It’s been another challenging year for the UK, with the ongoing global pandemic continuing to wreak havoc throughout. But despite having spent the first five months of the year in an extended lockdown that saw most businesses forced to shut their doors once again, the arrival of summer brought with it brighter days all round, and until the recent discovery of the Omicron variant, the economy had finally begun to recover. I
n Q3, it enjoyed a 5.3 percent surge in growth as bars, restaurants, shops and other businesses finally got the green light to open up once more – but with increasing infection rates and the pressures of the ‘pingdemic’, this slowed to just 1.1 percent in Q4.
As we prepare to head into a new year, speculation is mounting as to what lies in store for the UK economy in 2022, and with the effects of Brexit, as well as the pandemic continuing to be felt, it’s difficult to know what to expect. But the good news is that better days are in sight – eventually. Here, we take a look at the economic forecast for the new year.
Recovery continues amid rising inflation
Despite recent challenges, the UK economy continues to recover, but the threat of a potential circuit breaker lockdown has left many business owners worried about what might be waiting for them when January dawns. The latest data on Omicron does look promising, however, and early studies have shown it to be dramatically milder than other variants such as delta – so it isn’t unreasonable to think that we might just make it through the winter without having to resort to such draconian restrictions.
Should this be the case, then we can look forward to a much brighter 2022 in many ways, with household consumption continuing to drive recovery back towards pre-pandemic levels. It’s impossible to tell whether another variant could be around the corner, but with the government’s booster roll-out gathering momentum and investment into antiviral medicines to help further combat Covid cases on a wide scale, the nation is certainly looking to be in a much more advantageous position than it was going into 2021.
As the initial recovery drive slows – which will naturally and gradually occur – so, too, will economic growth. Experts are predicting a 4.6 per cent growth in total across the new year, with GDP continuing to benefit, but in 2023 and 2024 this will slow to 2.2 per cent and 1.9 per cent respectively, returning to more normal levels.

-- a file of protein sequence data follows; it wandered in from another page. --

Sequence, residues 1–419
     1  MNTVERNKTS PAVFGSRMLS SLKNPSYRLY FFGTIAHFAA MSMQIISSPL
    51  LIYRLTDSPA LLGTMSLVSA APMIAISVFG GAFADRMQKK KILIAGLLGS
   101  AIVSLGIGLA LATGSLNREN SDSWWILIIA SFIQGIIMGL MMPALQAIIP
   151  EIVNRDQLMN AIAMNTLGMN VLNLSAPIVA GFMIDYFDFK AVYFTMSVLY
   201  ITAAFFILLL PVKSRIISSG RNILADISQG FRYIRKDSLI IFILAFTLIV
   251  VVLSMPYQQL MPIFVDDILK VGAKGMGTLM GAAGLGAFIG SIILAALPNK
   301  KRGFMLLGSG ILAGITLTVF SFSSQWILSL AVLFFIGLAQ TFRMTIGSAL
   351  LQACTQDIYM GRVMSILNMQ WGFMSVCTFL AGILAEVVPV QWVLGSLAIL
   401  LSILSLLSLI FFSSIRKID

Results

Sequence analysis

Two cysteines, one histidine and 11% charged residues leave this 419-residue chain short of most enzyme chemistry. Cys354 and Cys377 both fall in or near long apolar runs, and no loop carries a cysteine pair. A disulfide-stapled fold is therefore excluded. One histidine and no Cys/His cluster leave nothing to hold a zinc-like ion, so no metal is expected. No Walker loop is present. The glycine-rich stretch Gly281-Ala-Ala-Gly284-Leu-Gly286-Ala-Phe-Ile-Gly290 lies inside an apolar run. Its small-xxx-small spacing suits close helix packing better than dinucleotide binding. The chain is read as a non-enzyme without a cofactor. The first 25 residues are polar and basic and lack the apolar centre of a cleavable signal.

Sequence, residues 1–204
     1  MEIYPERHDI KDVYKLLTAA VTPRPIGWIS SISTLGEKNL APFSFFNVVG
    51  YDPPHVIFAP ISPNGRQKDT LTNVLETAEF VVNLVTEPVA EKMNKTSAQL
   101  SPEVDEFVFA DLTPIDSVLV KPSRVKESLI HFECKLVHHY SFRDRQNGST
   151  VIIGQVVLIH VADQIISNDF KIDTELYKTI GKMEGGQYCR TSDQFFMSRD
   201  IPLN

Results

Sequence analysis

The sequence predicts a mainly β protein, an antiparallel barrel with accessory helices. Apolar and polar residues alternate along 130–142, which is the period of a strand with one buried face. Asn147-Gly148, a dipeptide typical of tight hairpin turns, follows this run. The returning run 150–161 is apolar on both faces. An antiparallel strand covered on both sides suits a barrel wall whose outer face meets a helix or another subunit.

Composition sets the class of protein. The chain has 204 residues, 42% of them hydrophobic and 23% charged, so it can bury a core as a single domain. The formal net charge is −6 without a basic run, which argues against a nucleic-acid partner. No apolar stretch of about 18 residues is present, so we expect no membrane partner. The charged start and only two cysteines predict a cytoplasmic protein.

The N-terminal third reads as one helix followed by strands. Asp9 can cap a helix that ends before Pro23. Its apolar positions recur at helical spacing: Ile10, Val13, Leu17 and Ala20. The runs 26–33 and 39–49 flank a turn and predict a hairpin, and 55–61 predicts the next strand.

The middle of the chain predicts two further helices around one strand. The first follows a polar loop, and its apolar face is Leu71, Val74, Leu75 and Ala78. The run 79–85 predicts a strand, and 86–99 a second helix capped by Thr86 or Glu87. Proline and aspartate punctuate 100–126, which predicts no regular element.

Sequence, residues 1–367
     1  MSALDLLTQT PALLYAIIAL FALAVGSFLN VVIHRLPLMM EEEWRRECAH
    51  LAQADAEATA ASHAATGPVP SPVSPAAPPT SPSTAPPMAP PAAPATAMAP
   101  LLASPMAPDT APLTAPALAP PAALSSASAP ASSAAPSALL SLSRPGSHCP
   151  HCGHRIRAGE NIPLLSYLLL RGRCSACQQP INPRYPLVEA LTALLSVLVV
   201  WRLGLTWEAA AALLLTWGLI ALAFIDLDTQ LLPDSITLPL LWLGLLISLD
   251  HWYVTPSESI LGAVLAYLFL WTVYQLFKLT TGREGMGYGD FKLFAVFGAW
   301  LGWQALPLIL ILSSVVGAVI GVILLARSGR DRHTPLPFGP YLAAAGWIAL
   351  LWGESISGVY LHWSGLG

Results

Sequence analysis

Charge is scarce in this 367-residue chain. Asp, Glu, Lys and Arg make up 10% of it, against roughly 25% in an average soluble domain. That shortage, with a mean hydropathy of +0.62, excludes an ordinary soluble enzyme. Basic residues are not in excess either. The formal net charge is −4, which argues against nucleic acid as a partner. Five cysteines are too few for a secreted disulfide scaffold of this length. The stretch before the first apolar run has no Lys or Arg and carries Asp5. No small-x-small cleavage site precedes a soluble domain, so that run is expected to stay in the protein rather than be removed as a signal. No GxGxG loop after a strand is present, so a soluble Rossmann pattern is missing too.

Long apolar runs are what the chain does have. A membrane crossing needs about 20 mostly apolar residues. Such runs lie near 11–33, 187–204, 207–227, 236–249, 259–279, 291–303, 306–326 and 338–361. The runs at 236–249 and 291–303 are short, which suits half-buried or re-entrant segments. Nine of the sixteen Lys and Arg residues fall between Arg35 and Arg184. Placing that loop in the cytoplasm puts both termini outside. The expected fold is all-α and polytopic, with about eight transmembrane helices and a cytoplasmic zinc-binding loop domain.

The Brexit effect
Of course, the challenges faced by the UK economy over the past two years haven’t been due only to the pandemic, and Brexit has made for an unusually tumultuous mix that has wreaked havoc on supply chains and productivity across the board.
And it has been feared that the after-effects of our separation from the EU still have not been fully felt, with concern that we may be in for an even bumpier ride in the long run. The Office for Budget Responsibility has estimated that the long-term impact of Brexit will, in fact, be more than twice that of Covid, with GDP per capita set to reduce by 4 percent as a result of the drop in productivity in comparison to the 2 percent reduction caused by the pandemic.
Even so, some have managed to turn Brexit to their advantage. Believing that UK independence can give British people greater freedom with their assets, we’re seeing a surge in the number of those using platforms like brexitmillionaire.org to learn more about trading and how the markets behave in particular situations and sets of circumstances so that they can take advantage of potential price drops and turn a profit in the long-run. With every great challenge comes opportunity, and this is certainly the case for those who know what they are dealing with in the investment world.
Although economic changes continue to be analysed by experts, we’ve already seen a dramatic increase in people looking to improve and safeguard their finances for the future, and it’s a trend we can expect to see continue well into 2022. Both Brexit and the pandemic have shown us that we never know what is around the next corner, and we’re no longer willing to take any chances when it comes to financial security.
Another major challenge that we’ve been faced with of late is the surge in inflation, which is being driven by rising energy bills and costs of raw materials and goods in factories. Once again, it’s an issue that comes back to both Brexit and the pandemic, with the cost of living surging to a 10-year high as we head towards the end of 2021. That’s more than double the target set by the Bank of England – so what does this mean for 2022?
The good news is that although things could get tougher in the short-term, towards the middle of the year, we’ll start to feel some relief. The Bank of England expects inflation to continue its upward trajectory to around five percent in the spring, before dropping back towards the 2 percent target by the end of 2023. So while things are unlikely to be smooth sailing in 2022, better days are in sight.